2. Applicable Consent Mechanism: Consumer consent requirements must be met, and recipients must have control over the messages they receive.
  3. Send Opt-In Confirmation Messages:As stated earlier, the first message received must be the opt-in confirmation message.
  4. Acknowledge and honor opt-out requests: When a recipient opts out of your communication, send a message confirming their removal from your list.

Refer to the CTIA Short Code Monitoring Handbook for more details on these principles.

 Foundations For Creating Opt-In & Opt-Out Messaging

The consumer’s ability to control who they receive messages from, how often, and to stop at any time makes texting a reliable tool for all parties involved. The guidelines and regulations around choice and consent are why SMS is trusted and preferred by consumers. Consumers should be made aware of the nature of the message they are receiving, truly desire it, and only receive text messages they have opted in to.

“The opt-in for all Short Code programs must comply with all applicable legal and regulatory requirements, including for example those established under the TCPA; the CAN-SPAM Act; the Communications Act of 1934, as amended; the Federal Trade Commission Act; and implementing regulations and decisions adopted by the Federal Communications Commission and Federal Trade Commission. “ – CTIA Short Code Monitoring Handbook

An opt-out is the recipient’s choice to end communication from the sender, regardless of consent. Opt-out language should be included in the initial call-to-action, terms and conditions, and opt-in confirmation.

While STOP is the standard word for opt-out requests, other words should be recognized, such as end, stop, quit, opt me out, opt-out, unsubscribe. It’s important to honor these requests in a timely fashion. Regardless of opt-in status, if a customer care request is made via the HELP keyword, the sender should respond with information on how to further communicate with customer care.

CTIA’s Opt-Out Guidelines:

  1. Sender ensures that consumers can opt out at any time.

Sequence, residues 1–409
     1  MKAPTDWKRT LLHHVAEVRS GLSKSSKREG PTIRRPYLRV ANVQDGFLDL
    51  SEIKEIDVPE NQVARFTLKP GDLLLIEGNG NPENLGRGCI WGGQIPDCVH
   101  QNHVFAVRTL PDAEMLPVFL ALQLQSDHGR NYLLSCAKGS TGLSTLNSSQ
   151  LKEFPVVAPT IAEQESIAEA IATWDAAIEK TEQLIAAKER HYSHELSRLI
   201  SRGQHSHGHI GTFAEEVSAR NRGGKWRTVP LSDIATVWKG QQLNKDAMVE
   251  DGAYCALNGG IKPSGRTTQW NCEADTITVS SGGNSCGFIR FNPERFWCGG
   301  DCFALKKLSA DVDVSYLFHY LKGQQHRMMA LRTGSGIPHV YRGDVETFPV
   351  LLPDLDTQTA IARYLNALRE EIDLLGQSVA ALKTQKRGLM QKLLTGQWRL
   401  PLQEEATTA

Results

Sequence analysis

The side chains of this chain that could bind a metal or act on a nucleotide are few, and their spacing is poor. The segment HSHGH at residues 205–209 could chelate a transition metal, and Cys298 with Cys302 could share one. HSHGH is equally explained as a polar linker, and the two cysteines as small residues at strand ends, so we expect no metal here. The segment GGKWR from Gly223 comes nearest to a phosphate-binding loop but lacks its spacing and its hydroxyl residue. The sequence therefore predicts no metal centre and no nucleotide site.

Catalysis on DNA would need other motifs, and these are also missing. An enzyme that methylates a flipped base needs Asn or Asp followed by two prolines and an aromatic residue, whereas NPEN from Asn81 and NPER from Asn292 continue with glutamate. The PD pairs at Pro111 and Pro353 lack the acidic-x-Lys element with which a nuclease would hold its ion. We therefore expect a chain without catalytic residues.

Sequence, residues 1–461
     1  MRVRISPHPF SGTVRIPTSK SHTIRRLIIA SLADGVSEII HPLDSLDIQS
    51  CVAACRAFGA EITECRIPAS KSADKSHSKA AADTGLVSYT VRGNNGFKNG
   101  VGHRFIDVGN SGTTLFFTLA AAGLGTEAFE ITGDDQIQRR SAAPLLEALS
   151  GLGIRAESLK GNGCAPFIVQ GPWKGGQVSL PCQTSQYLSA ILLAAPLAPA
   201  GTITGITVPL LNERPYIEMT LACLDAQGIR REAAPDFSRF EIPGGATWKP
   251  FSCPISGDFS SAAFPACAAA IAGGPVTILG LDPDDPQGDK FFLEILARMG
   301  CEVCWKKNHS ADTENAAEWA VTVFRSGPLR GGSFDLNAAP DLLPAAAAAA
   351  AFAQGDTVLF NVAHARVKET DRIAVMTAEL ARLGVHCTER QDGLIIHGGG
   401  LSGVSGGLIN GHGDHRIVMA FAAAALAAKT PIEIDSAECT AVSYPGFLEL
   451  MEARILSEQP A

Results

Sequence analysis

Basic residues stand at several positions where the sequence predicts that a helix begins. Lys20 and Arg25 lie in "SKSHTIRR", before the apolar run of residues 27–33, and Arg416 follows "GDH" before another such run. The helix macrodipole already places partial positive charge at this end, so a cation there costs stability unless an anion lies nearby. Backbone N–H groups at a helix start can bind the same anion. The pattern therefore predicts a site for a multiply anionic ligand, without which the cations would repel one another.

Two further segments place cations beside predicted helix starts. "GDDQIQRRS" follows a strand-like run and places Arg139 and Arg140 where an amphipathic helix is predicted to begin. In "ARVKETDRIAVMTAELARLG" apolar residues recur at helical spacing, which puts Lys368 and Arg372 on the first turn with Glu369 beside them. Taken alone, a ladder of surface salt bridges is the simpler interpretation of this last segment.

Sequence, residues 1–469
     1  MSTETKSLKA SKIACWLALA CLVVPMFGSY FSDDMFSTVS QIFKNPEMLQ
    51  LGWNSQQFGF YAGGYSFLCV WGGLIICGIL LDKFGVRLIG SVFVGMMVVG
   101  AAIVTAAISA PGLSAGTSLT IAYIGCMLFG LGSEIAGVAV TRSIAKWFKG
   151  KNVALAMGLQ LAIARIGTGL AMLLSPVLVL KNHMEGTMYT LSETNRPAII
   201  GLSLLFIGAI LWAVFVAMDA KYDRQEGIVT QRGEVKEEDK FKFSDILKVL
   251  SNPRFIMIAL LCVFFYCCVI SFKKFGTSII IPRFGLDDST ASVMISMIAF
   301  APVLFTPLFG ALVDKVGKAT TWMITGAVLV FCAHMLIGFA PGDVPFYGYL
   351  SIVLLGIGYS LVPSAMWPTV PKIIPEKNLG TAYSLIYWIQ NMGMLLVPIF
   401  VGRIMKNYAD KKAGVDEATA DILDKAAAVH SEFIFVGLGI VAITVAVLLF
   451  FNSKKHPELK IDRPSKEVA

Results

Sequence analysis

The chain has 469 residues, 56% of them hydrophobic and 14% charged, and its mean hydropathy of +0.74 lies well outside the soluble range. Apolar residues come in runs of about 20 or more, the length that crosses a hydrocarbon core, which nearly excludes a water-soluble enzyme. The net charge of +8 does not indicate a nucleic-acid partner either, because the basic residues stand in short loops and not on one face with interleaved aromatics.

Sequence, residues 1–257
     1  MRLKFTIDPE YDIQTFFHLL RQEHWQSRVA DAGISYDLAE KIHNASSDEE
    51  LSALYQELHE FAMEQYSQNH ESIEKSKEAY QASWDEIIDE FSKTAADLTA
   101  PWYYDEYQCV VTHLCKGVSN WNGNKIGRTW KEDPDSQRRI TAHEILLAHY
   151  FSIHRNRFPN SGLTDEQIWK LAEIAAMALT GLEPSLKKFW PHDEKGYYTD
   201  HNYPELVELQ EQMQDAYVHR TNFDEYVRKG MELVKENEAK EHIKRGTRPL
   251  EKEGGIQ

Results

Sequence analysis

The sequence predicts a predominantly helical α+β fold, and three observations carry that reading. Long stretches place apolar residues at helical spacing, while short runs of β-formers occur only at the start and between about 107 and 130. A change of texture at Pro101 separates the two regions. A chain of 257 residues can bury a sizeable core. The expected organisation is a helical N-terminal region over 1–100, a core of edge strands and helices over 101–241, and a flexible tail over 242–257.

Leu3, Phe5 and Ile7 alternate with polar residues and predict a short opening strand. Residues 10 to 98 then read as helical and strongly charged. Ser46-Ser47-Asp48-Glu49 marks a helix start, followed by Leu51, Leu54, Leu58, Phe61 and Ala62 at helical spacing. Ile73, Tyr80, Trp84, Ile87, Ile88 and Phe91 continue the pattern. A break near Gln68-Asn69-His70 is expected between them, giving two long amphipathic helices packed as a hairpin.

2. Sender should support multiple methods for opt-out (phone call, email, text)
  3. Sender should acknowledge all opt-out requests by sending a final confirmation message.
Types of Messaging & Consent Required:

Conversational (Implied Consent) – A back-and-forth interaction over text message between a consumer and business is considered Conversational messaging. If a consumer initiates this message and the business only responds to each request with relevant information, consent is implied, and no verbal or written permission is needed.

Informational (Express Consent) – Information messaging is when consumers give their phone number to a business and ask to be contacted in the future with content such as appointment reminders, alerts, or welcome texts. Capture express permission over text, form, written communication, websites, or verbally before sending informational text messages.

Promotional (Express Written Consent) – Sales and marketing promotions fall into Promotional messaging. If a call-to-action, like a coupon code, is included in the message, it may fall into this category. Express written consent is needed for promotional messaging and can be captured by signing a form, checking a box online, or other written consent forms. Express written consent can be caught on other sign-up forms, contracts, or instances of information requests collected by the business.

Establish For Your Future

There are many guidelines and regulations that need to be considered before a texting relationship can begin between a business and consumer. Establishing a foundation for SMS campaigns that follow TCPA rules and CTIA guidelines allow for healthy, positive, long-term interactions. In part two, we will look at creating the first text message that needs to be sent to recipients. If you have questions about SMS opt-in and opt-out, our team can help.